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Sochi: Putin's $51Bln Game of Russian Roulette

Published: January 30, 2014 (Issue # 1795)



  • President Vladimir Putin with Sochi volunteers earlier this month.
    Photo: sochi2014.com

MOSCOW (AP) — For Vladimir Putin, the Winter Olympics he brought to Sochi have always been about far more than sports.

The benefits the Russian president expects from holding the games range from improving Russia's international standing and instilling a sense of national pride to turning around the country's demographic decline. And of course Putin wants to be seen, at home and abroad, as the man who made this all possible.

That's a tall order for an international sports event.

And what if terrorists strike the Olympics, which are taking place Feb. 7-23 just a few hundred miles (kilometers) west of a region where Islamic insurgents carry out bombings and other attacks almost daily? Or if a winter storm rips through the Black Sea resort, knocking out its hastily finished electric grid? Or even if Russian athletes in Sochi repeat their dismal performance of the 2010 Vancouver Winter Games?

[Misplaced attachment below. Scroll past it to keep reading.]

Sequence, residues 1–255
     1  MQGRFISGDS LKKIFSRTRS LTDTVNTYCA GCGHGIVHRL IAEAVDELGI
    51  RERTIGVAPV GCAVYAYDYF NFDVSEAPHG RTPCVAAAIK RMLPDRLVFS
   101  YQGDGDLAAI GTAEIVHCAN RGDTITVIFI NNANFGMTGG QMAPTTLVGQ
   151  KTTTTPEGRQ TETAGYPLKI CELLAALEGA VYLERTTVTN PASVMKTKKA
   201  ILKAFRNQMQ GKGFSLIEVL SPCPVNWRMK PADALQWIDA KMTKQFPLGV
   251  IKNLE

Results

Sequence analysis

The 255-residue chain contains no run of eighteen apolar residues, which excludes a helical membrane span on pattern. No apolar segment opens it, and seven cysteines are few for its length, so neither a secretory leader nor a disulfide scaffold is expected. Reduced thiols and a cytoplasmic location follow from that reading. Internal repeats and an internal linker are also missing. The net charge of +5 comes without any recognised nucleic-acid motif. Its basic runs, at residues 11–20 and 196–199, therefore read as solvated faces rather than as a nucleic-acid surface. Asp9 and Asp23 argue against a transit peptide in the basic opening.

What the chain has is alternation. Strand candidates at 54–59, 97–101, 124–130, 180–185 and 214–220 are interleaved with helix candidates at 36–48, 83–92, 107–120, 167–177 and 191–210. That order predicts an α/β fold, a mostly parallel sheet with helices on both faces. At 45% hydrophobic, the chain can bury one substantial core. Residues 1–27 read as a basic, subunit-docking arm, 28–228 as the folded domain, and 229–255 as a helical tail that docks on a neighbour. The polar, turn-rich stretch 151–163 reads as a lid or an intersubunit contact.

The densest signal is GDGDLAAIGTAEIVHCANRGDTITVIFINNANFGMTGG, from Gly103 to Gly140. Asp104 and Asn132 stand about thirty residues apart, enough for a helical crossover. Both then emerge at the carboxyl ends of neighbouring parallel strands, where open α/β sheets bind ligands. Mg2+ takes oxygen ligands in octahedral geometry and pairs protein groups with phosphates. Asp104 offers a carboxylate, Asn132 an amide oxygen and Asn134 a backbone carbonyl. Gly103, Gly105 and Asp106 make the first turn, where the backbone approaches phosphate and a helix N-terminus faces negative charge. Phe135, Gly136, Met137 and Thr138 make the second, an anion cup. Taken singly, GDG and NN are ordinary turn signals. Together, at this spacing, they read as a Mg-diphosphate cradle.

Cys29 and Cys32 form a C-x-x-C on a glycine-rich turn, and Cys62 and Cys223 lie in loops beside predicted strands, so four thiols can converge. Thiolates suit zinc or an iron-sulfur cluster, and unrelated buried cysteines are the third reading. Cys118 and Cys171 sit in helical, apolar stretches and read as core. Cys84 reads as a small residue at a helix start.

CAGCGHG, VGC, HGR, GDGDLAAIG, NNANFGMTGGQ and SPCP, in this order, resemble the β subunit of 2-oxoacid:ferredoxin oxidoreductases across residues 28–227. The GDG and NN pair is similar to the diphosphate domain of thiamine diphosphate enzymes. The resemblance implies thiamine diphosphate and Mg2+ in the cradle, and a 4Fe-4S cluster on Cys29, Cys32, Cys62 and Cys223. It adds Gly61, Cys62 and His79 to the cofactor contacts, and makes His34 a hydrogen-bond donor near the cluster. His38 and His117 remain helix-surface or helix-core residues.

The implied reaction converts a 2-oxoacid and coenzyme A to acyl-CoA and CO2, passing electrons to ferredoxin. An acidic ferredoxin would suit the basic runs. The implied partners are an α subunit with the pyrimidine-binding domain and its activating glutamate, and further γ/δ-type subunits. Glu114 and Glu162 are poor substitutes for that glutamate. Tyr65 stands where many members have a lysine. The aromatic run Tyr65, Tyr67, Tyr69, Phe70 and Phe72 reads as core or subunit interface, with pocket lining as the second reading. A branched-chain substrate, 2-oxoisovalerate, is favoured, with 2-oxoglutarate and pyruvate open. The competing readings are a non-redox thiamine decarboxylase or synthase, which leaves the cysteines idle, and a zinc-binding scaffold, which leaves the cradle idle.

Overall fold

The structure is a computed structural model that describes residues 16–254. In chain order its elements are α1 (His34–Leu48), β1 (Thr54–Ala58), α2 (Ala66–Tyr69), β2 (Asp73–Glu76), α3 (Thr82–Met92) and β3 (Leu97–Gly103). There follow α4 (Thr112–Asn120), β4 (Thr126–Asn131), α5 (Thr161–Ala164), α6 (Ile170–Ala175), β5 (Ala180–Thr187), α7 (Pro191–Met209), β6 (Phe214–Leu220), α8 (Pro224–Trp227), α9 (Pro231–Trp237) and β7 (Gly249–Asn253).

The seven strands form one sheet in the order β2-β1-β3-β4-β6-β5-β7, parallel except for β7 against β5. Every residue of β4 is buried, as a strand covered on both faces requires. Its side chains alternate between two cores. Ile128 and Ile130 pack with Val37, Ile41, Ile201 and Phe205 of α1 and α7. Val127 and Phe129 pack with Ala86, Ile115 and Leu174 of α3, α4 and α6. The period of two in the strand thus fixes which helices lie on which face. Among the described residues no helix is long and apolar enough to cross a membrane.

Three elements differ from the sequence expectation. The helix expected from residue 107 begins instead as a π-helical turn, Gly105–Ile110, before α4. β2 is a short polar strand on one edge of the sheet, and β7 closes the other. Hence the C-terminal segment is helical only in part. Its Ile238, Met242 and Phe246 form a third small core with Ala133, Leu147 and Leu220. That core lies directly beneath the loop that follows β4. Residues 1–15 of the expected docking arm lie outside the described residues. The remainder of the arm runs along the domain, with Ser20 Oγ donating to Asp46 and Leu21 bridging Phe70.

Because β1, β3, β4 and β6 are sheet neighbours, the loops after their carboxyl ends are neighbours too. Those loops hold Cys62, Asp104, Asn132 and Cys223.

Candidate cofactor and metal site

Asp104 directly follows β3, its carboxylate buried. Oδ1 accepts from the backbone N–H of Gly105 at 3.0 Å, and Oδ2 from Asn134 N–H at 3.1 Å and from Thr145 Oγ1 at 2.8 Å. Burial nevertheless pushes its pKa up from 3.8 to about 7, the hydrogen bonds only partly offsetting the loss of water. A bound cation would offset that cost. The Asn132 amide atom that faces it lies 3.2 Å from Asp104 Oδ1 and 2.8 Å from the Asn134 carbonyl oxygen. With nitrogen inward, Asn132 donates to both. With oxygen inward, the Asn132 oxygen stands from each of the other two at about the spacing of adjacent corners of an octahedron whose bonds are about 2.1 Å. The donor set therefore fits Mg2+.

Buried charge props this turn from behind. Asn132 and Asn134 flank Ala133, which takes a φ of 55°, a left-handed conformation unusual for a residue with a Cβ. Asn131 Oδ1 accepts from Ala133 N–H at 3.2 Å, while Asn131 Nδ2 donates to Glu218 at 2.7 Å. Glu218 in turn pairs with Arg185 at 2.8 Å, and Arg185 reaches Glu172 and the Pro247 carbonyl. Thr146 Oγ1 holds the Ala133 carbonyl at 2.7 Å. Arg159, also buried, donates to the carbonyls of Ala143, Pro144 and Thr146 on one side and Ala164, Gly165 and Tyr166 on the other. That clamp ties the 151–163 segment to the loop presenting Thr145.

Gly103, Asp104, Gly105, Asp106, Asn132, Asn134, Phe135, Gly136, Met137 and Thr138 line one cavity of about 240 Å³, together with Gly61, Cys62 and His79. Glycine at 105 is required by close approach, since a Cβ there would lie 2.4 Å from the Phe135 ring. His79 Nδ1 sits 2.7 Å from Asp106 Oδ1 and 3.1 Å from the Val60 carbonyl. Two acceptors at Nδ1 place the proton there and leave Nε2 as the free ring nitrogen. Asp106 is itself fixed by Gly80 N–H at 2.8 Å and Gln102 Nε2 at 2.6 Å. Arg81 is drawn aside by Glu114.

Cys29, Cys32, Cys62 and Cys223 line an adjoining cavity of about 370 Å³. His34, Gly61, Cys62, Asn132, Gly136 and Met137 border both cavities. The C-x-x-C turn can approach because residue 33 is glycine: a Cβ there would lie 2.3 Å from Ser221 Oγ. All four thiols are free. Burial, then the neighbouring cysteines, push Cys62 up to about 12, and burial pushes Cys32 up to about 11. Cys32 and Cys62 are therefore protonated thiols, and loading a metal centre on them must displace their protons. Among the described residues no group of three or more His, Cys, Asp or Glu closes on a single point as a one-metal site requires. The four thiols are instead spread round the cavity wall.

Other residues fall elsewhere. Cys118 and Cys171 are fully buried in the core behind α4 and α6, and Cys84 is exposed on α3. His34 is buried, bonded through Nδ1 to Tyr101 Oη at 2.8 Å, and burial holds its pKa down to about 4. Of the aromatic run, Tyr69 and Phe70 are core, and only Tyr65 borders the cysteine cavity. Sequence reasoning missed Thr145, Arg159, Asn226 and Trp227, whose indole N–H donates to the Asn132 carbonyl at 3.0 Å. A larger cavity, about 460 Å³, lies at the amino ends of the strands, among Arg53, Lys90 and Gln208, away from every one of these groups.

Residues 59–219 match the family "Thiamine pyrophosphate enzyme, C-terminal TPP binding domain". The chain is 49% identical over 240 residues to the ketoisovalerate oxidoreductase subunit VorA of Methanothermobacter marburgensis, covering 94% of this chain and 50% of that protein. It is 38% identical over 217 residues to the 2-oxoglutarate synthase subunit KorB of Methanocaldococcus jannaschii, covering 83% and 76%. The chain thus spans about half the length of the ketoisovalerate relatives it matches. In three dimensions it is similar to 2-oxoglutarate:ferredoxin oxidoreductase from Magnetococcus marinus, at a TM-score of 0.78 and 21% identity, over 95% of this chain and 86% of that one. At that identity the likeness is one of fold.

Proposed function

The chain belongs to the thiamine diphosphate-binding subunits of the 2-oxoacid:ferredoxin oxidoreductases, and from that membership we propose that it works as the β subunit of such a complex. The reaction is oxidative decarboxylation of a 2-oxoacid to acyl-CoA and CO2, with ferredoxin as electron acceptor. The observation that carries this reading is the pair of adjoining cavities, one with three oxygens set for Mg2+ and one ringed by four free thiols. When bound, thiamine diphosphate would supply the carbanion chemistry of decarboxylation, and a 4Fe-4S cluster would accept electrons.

Related: A Crumbling Sochi Hides Behind Olympic Facades

If — for one reason or another — Sochi is deemed to be a disaster, the $51 billion spent on Putin's games may suddenly seem like a colossal waste of money. That amount dwarfs the spending of any other Olympics, winter or summer.

"Has Putin over-invested in these games?" Stephen Sestanovich, a Columbia University professor and Russia scholar, asked rhetorically. "Almost surely. And I think the disproportion of the investment will be clearer if the Russians don't bring home a trove of gold medals and if the security situation goes badly."

Putin has made the 2014 Winter Games his personal project from the very beginning, directing an ambitious undertaking to transform Sochi, a once-tacky Soviet-era summer resort, into a world-class winter sports center.

Related: Navalny Publishes Sochi Corruption Report

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Monday, Apr. 21


Improve your grasp of Neruda, Bolano and Marquez at TrueDA’s Beginners Spanish Lesson this evening at their location on the Petrograd Side. An experienced teacher will be on hand to help all attendees better understand the intricacies of the language and improve their accent.


Tuesday, Apr. 22


SPIBA’s Breakfast with the Director event series continues as the association welcomes Andrei Barannikov, general director of SPN Communications, to the Anna Pavlova Hall of the Angleterre Hotel this morning at 9 a.m. Attendees must confirm their participation by Apr. 21.


The AmCham Environment, Health and Safety Committee Meeting is scheduled to begin at 9 a.m. this morning in the their St. Petersburg office.